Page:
In some cases of sexual assault the victim may not report the assault for several days after the incident due to various factors. The ability to obtain an autosomal STR profile of the semen donor from a living victim rapidly diminishes as the post-coital interval is extended due to the presence of only a small amount of male DNA amidst an overwhelming amount of female DNA. Previously, we have utilized various technological tools to overcome the limitations of male DNA profiling in extended interval post-coital samples including the use of Y-chromosome STR profiling, cervical sample, and post-PCR purification permitting the recovery of Y-STR profiles of the male DNA from samples collected 5-6 days after intercourse. Despite this success, the reproductive biology literature reports the presence of spermatozoa in the human cervix up to 7-10 days post-coitus. Therefore, novel and improved methods for recovery of male profiles in extended interval post-coital samples were required. Here, we describe enhanced strategies, including Y-chromosome-targeted pre-amplification and next generation Y-STR amplification kits, that have resulted in the ability to obtain probative male profiles from samples collected 6-9 days after intercourse.

  6. An Ounce of Knowledge = a Pound of Deterrence: Preventing Sexual Harassment.

    Science.gov (United States)

    Shoop, Robert J.

    1995-01-01

    A "boilerplate" sexual harassment policy embedded in the district policy manual is insufficient. Schools need a comprehensive sexual harassment prevention program addressing authority, accountability, responsibility, and training. Since the vast majority of sexual harassment in schools is student-to-student, training efforts should not be limited…

  7. University Health Center Providers' Beliefs about Discussing and Recommending Sexual Health Prevention to Women College Students

    Science.gov (United States)

    Jozkowski, Kristen N.; Geshnizjani, Alireza; Middlestadt, Susan E.

    2013-01-01

    Sexual health concerns such as sexually transmitted infections and unintended pregnancy remain substantial health problems faced by young adults, especially college women. University healthcare providers may be instrumental in increasing female patients' involvement in preventative sexual health behaviors, however little research has examined this…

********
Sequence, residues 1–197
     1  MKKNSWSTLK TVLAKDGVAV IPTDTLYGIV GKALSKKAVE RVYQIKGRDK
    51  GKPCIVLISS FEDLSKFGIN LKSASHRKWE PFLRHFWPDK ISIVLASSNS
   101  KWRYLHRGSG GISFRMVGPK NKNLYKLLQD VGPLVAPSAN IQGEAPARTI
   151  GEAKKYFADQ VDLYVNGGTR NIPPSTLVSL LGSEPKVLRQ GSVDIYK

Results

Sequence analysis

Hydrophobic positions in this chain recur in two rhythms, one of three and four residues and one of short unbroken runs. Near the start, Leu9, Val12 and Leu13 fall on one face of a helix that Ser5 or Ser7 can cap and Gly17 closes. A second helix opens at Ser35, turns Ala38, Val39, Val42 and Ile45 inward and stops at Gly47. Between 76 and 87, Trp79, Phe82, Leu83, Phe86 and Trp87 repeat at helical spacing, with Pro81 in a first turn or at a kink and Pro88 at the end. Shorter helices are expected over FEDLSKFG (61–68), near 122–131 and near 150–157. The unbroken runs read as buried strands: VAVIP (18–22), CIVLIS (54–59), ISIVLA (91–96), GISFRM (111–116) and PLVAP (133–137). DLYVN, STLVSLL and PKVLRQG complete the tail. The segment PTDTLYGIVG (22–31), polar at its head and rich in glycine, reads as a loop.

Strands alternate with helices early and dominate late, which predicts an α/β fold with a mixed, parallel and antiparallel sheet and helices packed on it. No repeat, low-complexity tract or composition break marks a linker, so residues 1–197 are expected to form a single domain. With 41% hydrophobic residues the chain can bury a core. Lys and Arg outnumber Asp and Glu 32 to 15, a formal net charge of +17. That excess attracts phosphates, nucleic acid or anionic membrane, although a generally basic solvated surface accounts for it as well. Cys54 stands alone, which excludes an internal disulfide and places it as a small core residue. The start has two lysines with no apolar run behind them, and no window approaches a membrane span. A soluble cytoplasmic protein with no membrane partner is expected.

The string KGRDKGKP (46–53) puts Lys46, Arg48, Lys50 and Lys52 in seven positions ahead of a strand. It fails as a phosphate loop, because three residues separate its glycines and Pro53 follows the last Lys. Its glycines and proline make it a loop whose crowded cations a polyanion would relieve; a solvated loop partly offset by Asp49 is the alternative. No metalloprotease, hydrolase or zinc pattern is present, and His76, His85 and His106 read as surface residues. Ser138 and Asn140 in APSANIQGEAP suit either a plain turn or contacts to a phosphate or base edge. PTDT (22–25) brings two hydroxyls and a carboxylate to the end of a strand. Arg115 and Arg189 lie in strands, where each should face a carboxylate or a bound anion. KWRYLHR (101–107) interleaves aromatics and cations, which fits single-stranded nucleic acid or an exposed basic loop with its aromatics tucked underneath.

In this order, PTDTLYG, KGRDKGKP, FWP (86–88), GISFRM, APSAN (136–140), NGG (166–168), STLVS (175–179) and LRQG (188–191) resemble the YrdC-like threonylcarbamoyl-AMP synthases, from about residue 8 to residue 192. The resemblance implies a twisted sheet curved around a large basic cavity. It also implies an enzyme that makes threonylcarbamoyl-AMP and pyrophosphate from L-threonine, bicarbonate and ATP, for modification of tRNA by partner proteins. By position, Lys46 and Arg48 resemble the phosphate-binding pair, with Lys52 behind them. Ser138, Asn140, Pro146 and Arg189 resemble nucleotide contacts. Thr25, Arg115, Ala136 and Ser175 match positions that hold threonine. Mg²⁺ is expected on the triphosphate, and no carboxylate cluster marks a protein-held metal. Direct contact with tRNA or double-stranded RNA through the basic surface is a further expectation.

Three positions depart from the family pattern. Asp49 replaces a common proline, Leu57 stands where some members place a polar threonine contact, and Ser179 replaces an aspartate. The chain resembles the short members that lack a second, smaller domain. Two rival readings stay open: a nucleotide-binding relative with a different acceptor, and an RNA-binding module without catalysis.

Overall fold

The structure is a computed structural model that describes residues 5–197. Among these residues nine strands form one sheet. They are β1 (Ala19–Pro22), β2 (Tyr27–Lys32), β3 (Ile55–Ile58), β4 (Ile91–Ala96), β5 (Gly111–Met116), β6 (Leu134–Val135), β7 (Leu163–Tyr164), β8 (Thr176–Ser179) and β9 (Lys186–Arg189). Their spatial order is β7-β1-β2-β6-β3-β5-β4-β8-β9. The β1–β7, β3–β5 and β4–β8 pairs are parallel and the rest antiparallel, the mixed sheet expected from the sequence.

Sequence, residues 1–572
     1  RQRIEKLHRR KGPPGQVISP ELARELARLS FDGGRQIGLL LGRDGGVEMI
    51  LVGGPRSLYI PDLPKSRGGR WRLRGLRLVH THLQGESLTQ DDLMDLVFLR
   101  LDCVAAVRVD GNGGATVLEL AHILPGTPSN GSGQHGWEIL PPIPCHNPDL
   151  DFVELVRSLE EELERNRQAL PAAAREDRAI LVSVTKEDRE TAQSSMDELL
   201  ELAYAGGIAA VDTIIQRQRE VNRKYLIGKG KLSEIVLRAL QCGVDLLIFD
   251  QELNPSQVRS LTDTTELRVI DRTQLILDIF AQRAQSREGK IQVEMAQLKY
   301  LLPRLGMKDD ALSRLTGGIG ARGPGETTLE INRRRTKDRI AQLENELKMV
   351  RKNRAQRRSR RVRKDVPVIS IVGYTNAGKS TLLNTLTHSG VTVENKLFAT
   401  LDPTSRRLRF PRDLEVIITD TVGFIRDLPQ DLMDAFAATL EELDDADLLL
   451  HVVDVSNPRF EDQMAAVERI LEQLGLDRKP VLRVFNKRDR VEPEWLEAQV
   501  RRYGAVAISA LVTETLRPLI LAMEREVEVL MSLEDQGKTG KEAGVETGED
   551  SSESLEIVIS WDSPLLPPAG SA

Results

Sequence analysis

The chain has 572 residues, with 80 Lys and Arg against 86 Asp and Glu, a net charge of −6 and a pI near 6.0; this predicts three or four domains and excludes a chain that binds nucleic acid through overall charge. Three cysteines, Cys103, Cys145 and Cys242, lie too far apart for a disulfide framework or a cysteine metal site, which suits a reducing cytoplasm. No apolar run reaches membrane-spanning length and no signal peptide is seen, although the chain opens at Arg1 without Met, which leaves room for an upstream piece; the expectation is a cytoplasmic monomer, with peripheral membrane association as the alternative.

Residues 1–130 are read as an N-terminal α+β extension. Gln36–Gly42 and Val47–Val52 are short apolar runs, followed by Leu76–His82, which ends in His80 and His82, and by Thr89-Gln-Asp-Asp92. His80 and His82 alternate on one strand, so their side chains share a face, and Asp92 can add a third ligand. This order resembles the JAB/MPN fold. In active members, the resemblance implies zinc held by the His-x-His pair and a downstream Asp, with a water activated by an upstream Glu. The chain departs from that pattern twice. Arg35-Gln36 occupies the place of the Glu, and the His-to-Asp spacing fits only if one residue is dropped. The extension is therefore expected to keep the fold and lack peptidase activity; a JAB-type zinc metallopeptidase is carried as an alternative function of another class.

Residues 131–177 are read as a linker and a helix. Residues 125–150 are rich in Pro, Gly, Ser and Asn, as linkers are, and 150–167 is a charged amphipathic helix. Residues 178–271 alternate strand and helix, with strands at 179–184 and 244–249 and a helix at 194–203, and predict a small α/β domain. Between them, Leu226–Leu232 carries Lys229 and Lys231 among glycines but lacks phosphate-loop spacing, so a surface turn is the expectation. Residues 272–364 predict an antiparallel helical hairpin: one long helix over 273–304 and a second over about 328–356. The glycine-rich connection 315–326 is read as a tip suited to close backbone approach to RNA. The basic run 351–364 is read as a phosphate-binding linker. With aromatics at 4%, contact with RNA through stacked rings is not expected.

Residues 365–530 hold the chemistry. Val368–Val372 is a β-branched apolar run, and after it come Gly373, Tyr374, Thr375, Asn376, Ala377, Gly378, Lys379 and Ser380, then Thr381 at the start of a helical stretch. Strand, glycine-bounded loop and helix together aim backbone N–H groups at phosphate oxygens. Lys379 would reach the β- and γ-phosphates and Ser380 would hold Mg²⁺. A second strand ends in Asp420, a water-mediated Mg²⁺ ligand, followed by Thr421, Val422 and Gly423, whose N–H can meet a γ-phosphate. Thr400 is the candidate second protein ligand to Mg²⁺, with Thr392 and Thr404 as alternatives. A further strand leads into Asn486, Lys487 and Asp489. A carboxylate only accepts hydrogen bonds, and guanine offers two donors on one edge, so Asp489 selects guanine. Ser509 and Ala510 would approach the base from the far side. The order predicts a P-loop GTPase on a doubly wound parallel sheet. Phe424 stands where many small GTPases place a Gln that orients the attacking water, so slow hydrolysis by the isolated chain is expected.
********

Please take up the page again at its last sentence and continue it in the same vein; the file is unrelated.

8. Condoms for sexually transmissible infection prevention: politics versus science.

    Science.gov (United States)

    Mindel, Adrian; Sawleshwarkar, Shailendra

    2008-03-01

    The present review assesses the protection that condoms offer against sexually transmissible infections (STI) and the impact that social, political and religious opinion in the USA has had in the past 8 years on promoting condoms for safer sex. Condoms offer protection against most STI. However, the degree of protection depends on correct and consistent use, the type of sexual activity and the biological characteristics of different infections. Cross-sectional and case-control studies and other observational data provide the majority of evidence for STI prevention. Condoms provide a high level of protection against those infections that are transmitted mainly via infected secretions, including HIV, gonorrhoea, chlamydia and trichomoniasis. Protection against those infections transmitted via skin and mucous membrane contact, including Herpes simplex virus infection and human papilloma virus, appears to be less. The Bush administration, driven by conservative political, social and religious elements in the USA, has mounted a concerted campaign to undermine the role of the condom in health-promotion activities in the USA and overseas by undervaluing and misrepresenting scientific data, and through a sustained and well-funded promotion of abstinence-only education. However, this has lead to considerable controversy and disillusionment with abstinence-only education, both at home and abroad, and there is now incontrovertible evidence that abstinence-only programs are ineffectual.

  9. Sexual violence, post-traumatic stress disorder and dementia.

    Science.gov (United States)

    McCartney, J R; Severson, K

    1997-01-01